Look closely and you can see Marcus in the back left seat. Owen's look is priceless. You wouldn't know it from this picture, but Erin was the one who wanted to skip the ride at boarding time.

Overall, it was a really enjoyable day!

### On the Height of J.J. Barea

Dallas Mavericks point guard J.J. Barea standing between two very tall people (from: Picassa user photoasisphoto).

Congrats to the Dallas Mavericks, who beat the Miami Heat tonight in game six to win the NBA championship.

Okay, with that out of the way, just how tall is the busy-footed Maverick point guard J.J. Barea? He's listed as 6-foot on NBA.com, but no one, not even the sports casters, believes that he can possibly be that tall. He looks like a super-fast Hobbit out there. But could that just be relative scaling, with him standing next to a bunch of extremely tall people? People on Yahoo! Answers think so---I know because I've been Google searching "J.J. Barea Height" for the past 15 minutes.

So I decided to find a photo and settle the issue once and for all.

I then used the basketball as my metric. Wikipedia states that an NBA basketball is 29.5 inches in circumfe…

### Finding Blissful Clarity by Tuning Out

It's been a minute since I've posted here. My last post was back in April, so it has actually been something like 193,000 minutes, but I like how the kids say "it's been a minute," so I'll stick with that.
As I've said before, I use this space to work out the truths in my life. Writing is a valuable way of taking the non-linear jumble of thoughts in my head and linearizing them by putting them down on the page. In short, writing helps me figure things out. However, logical thinking is not the only way of knowing the world. Another way is to recognize, listen to, and trust one's emotions. Yes, emotions are important for figuring things out.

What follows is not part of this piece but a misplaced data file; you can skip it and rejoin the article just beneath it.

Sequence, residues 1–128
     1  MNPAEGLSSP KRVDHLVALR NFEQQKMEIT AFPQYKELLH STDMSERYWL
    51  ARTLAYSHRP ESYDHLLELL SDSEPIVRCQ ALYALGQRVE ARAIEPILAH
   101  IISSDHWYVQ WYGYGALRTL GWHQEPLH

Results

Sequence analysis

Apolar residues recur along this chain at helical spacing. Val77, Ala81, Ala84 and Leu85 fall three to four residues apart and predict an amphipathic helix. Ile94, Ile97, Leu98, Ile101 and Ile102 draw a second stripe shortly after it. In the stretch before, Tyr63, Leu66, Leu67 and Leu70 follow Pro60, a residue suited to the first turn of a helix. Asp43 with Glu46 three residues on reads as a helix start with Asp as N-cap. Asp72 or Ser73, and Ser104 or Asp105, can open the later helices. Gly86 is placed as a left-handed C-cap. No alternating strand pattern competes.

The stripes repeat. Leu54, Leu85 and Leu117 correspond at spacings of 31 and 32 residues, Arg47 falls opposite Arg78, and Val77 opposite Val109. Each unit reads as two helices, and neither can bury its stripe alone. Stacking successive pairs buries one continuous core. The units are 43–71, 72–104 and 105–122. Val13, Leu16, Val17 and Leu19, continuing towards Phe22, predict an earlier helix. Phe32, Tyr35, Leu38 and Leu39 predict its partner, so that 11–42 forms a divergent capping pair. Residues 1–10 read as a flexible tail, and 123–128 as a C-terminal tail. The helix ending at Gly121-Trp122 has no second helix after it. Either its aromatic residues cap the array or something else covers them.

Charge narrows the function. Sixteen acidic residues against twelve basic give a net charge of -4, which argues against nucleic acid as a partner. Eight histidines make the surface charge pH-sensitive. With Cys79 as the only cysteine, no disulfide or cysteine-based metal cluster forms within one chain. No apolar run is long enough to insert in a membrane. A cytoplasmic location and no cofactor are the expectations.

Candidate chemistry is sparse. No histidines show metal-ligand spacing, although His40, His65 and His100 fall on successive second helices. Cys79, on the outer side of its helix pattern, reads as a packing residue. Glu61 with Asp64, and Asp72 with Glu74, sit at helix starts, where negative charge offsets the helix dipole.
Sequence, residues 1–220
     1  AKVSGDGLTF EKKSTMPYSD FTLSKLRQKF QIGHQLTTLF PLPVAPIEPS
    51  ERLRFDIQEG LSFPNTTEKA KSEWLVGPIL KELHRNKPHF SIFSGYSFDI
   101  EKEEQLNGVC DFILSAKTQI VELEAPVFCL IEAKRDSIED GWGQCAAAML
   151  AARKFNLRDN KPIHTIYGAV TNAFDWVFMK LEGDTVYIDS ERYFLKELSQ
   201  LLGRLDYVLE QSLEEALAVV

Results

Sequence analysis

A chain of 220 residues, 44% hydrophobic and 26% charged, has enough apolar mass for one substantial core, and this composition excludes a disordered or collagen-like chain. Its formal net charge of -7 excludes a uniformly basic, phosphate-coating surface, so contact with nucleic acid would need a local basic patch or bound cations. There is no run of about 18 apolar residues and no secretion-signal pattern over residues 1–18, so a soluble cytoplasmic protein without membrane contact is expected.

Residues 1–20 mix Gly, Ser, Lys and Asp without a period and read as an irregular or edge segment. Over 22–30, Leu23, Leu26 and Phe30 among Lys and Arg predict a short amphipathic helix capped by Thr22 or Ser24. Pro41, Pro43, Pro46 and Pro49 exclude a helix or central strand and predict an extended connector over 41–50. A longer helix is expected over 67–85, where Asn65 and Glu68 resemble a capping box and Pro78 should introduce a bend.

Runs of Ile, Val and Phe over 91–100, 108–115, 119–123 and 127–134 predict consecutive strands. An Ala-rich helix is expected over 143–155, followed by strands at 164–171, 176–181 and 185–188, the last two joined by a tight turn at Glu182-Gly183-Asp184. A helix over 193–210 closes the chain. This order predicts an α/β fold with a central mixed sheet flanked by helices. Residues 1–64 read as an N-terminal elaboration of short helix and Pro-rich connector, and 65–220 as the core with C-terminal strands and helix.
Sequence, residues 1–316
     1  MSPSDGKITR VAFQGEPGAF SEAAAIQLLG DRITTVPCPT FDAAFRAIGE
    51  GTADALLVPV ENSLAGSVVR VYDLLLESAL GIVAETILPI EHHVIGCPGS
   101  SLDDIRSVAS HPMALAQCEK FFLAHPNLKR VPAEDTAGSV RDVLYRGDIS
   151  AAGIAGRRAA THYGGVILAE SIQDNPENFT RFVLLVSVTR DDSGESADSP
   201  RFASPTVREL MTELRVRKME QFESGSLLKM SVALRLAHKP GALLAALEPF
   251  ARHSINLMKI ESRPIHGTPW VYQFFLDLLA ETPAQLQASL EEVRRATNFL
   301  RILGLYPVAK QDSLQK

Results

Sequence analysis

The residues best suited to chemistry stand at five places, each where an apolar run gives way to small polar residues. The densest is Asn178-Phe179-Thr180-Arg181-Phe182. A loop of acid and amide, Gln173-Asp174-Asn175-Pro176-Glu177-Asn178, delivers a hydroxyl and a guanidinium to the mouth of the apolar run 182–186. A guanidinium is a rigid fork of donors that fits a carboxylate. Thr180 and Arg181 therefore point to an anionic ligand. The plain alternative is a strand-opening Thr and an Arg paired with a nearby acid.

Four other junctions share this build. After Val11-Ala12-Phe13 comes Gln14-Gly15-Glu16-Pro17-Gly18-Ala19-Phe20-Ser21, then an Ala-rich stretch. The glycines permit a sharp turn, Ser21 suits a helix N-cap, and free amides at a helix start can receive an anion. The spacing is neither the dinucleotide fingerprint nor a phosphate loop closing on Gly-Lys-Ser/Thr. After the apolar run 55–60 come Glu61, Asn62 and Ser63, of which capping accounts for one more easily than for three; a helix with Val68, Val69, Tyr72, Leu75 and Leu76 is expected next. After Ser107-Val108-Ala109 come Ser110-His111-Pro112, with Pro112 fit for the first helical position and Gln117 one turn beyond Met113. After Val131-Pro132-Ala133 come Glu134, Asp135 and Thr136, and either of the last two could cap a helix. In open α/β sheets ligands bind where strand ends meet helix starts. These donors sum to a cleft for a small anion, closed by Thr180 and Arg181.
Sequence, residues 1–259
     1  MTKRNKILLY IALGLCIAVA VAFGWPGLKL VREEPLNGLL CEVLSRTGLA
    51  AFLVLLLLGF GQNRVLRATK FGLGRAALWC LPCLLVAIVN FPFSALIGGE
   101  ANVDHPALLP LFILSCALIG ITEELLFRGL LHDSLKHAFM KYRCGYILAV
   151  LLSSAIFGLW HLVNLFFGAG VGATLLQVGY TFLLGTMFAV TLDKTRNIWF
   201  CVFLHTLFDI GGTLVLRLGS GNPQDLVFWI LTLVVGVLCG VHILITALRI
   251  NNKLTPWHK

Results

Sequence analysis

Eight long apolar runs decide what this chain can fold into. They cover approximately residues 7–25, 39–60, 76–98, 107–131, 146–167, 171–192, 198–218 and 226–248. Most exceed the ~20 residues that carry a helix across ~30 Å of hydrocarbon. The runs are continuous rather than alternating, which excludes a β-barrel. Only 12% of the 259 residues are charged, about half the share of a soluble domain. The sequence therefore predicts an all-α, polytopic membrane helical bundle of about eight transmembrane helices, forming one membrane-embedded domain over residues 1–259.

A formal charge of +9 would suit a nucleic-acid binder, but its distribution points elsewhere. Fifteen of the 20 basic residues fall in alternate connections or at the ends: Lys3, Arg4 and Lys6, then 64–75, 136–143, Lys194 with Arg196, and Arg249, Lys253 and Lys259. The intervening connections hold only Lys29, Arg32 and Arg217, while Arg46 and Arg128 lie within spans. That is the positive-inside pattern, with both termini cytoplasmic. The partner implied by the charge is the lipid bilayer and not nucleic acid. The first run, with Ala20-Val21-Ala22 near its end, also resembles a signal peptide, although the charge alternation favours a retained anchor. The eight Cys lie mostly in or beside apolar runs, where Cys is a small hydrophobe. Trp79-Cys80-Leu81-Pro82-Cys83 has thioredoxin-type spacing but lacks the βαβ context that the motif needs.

Back in April, when I last posted here, my emotions were largely characterized by fear, sadness, anger, frustration, confusion and despair. I say largely, because this is what I was feeling on large scales; the world outside of my immediate influence. On smaller scales, where my wife, children and friends reside, I…

### The Force is strong with this one...

Last night we were reviewing multiplication tables with Owen. The family fired off doublets of numbers and Owen confidently multiplied away. In the middle of the review Owen stopped and said, "I noticed something. 2 times 2 is 4. If you subtract 1 it's 3. That's equal to taking 2 and adding 1, and then taking 2 and subtracting 1, and multiplying. So 1 times 3 is 2 times 2 minus 1."

I have to admit, that I didn't quite get it at first. I asked him to repeat with another number and he did with six: "6 times 6 is 36. 36 minus 1 is 35. That's the same as 6-1 times 6+1, which is 35."

Ummmmm....wait. Huh? Lemme see...oh. OH! WOW! Owen figured out

x^2 - 1 = (x - 1) (x +1)

So $6 \times 8 = 7 \times 7 - 1 = (7-1) (7+1) = 48$. That's actually pretty handy!

You can see it in the image above. Look at the elements perpendicular to the diagonal. There's 48 bracketing 49, 35 bracketing 36, etc... After a bit more thought we…